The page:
The basic infrastructure for custom attributes in IronPython is in place, but it’s woefully limited. Specifically, it only works for custom attributes that don’t have parameters. Of course, most of the custom attributes that you’d really want to use require additional parameters, both the positional or named variety. Since positional parameters are easier, let’s start with them.
Positional parameters get passed to the custom attribute’s constructor. As we saw in the previous post, you need a CustomAttributeBuilder to attach a custom attribute to an attribute target (like a class). Previously, I just needed to know the attribute type since I was hard coding the positional parameters. But now, I need to know both the attribute type as well as the desired positional parameters. I could have built a custom Python class to track this information, but it made much more sense just to use CustomAttributeBuilder instances. I built a utility function make_cab to construct the CustomAttributeBuilder instances.
def make_cab(attrib_type, *args): argtypes = tuple(map(lambda x:clr.GetClrType(type(x)), args)) ci = clr.GetClrType(attrib_type).GetConstructor(argtypes) return CustomAttributeBuilder(ci, args) from System import ObsoleteAttribute class Product(object): __metaclass__ = ClrTypeMetaclass _clrnamespace = "DevHawk.IronPython.ClrTypeSeries" _clrclassattribs = [make_cab(ObsoleteAttribute , "Warning Lark's Vomit")] # remaining Product class definition omited for clarity
In make_cab, I build a tuple of CLR types from the list of positional arguments that was passed in. If you haven’t seed the *args syntax before, it works like C#’s params keyword – any extra arguments are passed into the function as a tuple names args. I use Python’s built in map function (FP FTW!) to build a tuple of CLR types of the provided arguments, which I then pass to GetConstructor. Previously, I passed an empty tuple to GetConstructor because I wanted the default constructor. If you don’t pass any positional arguments, you still get the default constructor. Once I’ve found the right constructor, I pass it and the original tuple of arguments to the CustomAttributeBuilder constructor.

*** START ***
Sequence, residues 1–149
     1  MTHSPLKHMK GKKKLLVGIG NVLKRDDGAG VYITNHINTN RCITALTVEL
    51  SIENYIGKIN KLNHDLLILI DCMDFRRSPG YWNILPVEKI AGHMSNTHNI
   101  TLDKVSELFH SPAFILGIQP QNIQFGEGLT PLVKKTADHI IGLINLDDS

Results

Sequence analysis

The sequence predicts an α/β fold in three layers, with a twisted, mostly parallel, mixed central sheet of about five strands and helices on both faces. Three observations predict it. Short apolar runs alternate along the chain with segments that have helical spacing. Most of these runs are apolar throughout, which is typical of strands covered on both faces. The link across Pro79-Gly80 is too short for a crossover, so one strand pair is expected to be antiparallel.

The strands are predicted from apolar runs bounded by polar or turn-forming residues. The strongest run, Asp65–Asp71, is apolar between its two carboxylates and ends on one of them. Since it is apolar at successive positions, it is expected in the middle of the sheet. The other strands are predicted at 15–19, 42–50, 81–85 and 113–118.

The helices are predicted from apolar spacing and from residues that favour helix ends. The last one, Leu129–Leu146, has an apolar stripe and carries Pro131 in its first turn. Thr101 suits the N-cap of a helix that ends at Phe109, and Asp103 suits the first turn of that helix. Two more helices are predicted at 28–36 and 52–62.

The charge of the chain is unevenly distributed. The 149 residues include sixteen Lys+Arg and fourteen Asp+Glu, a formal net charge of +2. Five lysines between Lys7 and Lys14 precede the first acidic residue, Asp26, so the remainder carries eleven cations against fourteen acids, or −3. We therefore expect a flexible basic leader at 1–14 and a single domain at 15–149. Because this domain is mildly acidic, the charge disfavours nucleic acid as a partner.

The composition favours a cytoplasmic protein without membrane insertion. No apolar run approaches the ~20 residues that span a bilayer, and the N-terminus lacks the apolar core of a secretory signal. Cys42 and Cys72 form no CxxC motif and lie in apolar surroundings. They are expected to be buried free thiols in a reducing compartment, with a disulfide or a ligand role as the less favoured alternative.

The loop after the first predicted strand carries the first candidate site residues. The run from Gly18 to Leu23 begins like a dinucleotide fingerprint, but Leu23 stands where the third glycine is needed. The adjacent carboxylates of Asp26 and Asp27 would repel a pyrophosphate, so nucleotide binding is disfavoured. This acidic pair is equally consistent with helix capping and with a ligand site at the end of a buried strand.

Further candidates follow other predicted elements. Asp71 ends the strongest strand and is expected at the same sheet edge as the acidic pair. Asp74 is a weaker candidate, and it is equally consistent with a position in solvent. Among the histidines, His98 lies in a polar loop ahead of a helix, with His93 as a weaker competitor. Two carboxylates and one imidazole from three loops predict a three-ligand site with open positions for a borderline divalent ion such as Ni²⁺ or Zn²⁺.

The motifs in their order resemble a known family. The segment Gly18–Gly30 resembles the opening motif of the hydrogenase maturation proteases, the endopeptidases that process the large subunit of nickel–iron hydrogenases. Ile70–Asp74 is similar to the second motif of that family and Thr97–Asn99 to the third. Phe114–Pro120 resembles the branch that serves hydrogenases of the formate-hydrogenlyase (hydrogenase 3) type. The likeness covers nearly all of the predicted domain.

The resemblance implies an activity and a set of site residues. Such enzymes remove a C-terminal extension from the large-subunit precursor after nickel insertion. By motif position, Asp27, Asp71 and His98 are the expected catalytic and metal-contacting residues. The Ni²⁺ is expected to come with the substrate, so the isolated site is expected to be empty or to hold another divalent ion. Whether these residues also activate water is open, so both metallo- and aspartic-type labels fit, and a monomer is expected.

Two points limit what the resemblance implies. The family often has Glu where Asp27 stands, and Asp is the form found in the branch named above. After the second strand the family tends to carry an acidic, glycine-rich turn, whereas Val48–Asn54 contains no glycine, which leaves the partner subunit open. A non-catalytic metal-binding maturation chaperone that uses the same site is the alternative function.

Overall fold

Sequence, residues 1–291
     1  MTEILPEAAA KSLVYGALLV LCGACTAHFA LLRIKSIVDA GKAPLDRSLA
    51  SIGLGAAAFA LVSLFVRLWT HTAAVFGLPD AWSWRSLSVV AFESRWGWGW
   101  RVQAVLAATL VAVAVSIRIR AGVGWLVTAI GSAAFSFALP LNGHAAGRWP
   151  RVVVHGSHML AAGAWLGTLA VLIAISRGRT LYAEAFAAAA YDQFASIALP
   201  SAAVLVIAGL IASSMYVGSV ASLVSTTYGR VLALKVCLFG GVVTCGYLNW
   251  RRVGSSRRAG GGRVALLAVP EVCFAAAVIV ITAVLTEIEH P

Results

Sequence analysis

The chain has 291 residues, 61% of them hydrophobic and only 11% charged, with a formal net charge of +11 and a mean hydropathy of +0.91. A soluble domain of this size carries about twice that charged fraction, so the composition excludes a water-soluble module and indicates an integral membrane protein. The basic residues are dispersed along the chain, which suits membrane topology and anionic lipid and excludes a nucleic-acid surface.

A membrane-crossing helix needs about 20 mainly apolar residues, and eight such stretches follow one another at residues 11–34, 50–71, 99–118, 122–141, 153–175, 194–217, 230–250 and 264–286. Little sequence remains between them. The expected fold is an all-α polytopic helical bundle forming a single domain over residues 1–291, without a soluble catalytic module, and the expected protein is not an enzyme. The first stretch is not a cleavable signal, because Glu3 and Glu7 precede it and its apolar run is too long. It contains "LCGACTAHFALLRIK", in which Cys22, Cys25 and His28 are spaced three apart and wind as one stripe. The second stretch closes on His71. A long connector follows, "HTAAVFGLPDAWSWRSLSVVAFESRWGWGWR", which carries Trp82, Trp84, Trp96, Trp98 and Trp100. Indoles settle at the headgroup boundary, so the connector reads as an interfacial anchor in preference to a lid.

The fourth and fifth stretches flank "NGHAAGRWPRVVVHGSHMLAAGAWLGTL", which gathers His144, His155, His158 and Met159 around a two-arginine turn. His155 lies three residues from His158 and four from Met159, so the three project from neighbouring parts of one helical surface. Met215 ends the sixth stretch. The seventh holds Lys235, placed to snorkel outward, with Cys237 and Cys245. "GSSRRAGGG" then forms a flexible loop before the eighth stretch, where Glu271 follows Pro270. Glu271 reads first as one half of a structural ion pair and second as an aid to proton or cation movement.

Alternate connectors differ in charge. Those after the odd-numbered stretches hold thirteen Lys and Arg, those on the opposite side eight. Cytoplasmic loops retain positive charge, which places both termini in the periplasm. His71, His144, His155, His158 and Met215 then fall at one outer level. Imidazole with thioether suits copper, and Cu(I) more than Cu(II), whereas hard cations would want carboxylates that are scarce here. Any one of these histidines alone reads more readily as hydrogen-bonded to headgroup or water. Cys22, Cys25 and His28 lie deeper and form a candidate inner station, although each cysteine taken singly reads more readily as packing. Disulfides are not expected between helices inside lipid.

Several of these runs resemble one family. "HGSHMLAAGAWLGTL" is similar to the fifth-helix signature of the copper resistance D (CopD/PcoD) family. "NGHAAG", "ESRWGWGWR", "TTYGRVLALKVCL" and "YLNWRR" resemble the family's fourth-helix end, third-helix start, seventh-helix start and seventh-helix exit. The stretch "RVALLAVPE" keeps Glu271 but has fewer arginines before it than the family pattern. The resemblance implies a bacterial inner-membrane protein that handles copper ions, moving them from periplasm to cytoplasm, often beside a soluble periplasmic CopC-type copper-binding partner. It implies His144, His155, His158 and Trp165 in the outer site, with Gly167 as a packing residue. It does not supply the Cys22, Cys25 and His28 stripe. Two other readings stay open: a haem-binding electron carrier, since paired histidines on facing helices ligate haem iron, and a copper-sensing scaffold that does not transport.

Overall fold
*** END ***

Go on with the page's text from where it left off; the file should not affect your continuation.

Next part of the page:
One major benefit of this approach is that it simplifies the metaclass code. Since _clrclassattribs is now a list of CustomAttributeBuilders, now I just need to iterate over that list and call SetCustomAttribute for each.
if hasattr(cls, '_clrclassattribs'): for cab in cls._clrclassattribs: typebld.SetCustomAttribute(cab)
The only problem with this approach is that specifying the list of custom attributes is now extremely verbose. Not only am I specifying the full attribute class name as well as the positional arguments, I’m also having to insert a call to make_cab. Previously, it kinda looked like a C# custom attribute, albeit in the wrong place. Not anymore. So I decided to write a function called cab_builder to generates less verbose calls to make_cab:
def cab_builder(attrib_type): return lambda *args:make_cab(attrib_type, *args) from System import ObsoleteAttribute Obsolete = cab_builder(ObsoleteAttribute) class Product(object): __metaclass__ = ClrTypeMetaclass _clrnamespace = "DevHawk.IronPython.ClrTypeSeries" _clrclassattribs = [Obsolete("Warning Lark's Vomit")] # remaining Product class definition omited for clarity
The cab_builder function returns an anonymous lambda function that closes over the attrib_type variable. Python lambdas are just like C# lambdas, except that they only support expressions . The results of calling the lambda returned from cab_builder is exactly the same as calling make_cab directly, but less verbose. And since I named the function returned from cab_builder Obsolete, now my list of class custom attributes looks exactly like it does in C# (though still in a different place). As usual, the code is up on my SkyDrive.
If you’re only using the attribute once like this, it is kind of annoying to first declare the cab_builder function. If you wanted to you could iterate over the types in a given assembly, looking for ones that inherit from Attribute and generate the cab_builder call dynamically. However, I’m not sure how performant that would be. Another possibility would be to iterate over the types in a given assembly and generate a Python module on disk with the calls to cab_builder. Then, you’d just have to import this module of common attributes but still be able to include additional calls to cab_builder as needed.
The lack of statement lambdas in Python is one of my few issues with the language. ↩︎